Subseries 2, Hudson River Tunnel, 1887-1901, consists of agreements for construction, certificates, contracts, and cost estimates, construction reports, engineering notebooks, engineering notes, sketches, land profiles, maps, progress profiles, plans, proposals, printed material, statements of expenses, and correspondence.

The Hudson River Tunnel project was started in 1874, and the final tubes were opened in 1910 after several construction setbacks. The tunnel connects Weehawken, New Jersey and Pennsylvania Station in Manhattan, New York City. Today the Hudson River Tunnel, known as the North River Tunnels is used by Amtrak's Northeast Corridor and New Jersey Transit rail lines.

Subseries 3, Harlem River Bridge, 1878-1982, consists of blueprints, printed materials, photographs, engineer's estimates, schedules, costs, reports, proposals, contracts, specifications, and correspondence.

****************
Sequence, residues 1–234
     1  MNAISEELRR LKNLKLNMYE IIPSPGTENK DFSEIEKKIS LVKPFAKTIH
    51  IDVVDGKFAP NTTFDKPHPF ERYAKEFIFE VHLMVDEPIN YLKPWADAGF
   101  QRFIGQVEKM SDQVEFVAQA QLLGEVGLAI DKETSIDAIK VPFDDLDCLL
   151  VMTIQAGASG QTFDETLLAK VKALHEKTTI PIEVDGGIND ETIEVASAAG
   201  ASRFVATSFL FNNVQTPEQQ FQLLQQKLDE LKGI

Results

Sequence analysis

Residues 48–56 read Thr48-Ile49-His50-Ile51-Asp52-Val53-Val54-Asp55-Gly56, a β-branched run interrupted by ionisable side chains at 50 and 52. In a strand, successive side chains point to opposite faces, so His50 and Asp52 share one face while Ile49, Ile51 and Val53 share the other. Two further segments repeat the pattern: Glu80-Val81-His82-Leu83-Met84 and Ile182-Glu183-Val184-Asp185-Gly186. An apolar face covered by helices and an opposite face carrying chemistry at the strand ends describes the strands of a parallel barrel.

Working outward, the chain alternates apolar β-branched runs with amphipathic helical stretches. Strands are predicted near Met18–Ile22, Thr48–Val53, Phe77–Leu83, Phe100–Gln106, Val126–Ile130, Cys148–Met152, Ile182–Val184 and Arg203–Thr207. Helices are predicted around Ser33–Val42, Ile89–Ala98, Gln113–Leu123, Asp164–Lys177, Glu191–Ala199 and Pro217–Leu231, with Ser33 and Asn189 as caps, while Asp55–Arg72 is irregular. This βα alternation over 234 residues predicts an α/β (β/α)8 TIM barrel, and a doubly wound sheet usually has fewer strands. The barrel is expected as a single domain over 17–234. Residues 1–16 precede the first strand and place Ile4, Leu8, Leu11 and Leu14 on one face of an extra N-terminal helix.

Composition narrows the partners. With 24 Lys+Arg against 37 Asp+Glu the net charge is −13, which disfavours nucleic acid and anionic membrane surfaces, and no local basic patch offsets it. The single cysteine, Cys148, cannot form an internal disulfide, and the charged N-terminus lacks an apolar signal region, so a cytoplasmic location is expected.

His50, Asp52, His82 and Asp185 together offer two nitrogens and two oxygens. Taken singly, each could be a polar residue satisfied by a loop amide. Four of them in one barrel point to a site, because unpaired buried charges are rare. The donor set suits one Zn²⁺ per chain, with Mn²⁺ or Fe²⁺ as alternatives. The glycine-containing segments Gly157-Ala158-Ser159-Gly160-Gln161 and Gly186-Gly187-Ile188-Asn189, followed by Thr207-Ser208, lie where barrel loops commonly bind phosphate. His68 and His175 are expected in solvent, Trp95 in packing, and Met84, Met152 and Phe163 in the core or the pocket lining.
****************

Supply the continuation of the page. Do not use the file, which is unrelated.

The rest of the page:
The Harlem River Bridge project was started in 1885 and was completed in 1889. It spans the Harlem River in New York City, New York and connects the Washington Heights section of Manhattan with the Bronx. It was later named and is still known as the Washington Bridge and has been adapted over time to carry highway traffic. These adaptations have allowed the bridge to remain in use today.

Subseries 4, Other Projects, 1858-1832, consists of drawings, maps, blueprints, plans, proposals, cost estimates, bills, correspondence, sketches, land profiles, dimensions, engineering notes, account records, photostats, supply lists, calculations, legal documents, surveys, inspection reports, financial data, and measurements on architectural and engineering projects. Highlights of this subseries include: Western Maryland Railroad, Washington Aqueduct, Panama Canal, Ramapo Water Company, Piedmont Bridge, Northern Adirondack Railroad, Columbia Railroad, Morris Canal, Pittsfield and Williamstown Railroad, Suez Canal, St. Gothard Canal, Tansa Dam, Colorado Midland Railroad Company, Memorial Bridge, Mersey Tunnel, Little Rock Bridge, Kingston Water Supply, Kanawha River Canal, Florida Ship Canal, East Jersey Water Company, Consolidated Coal Company, Dismal Swamp Canal, Boston and Baltimore Tunnels, St. Patrick's Cathedral, Baltimore and Ohio Railroad, Annapolis Water Company, Baltimore and Drum Point Railroad Company, and the Baltimore Beltline.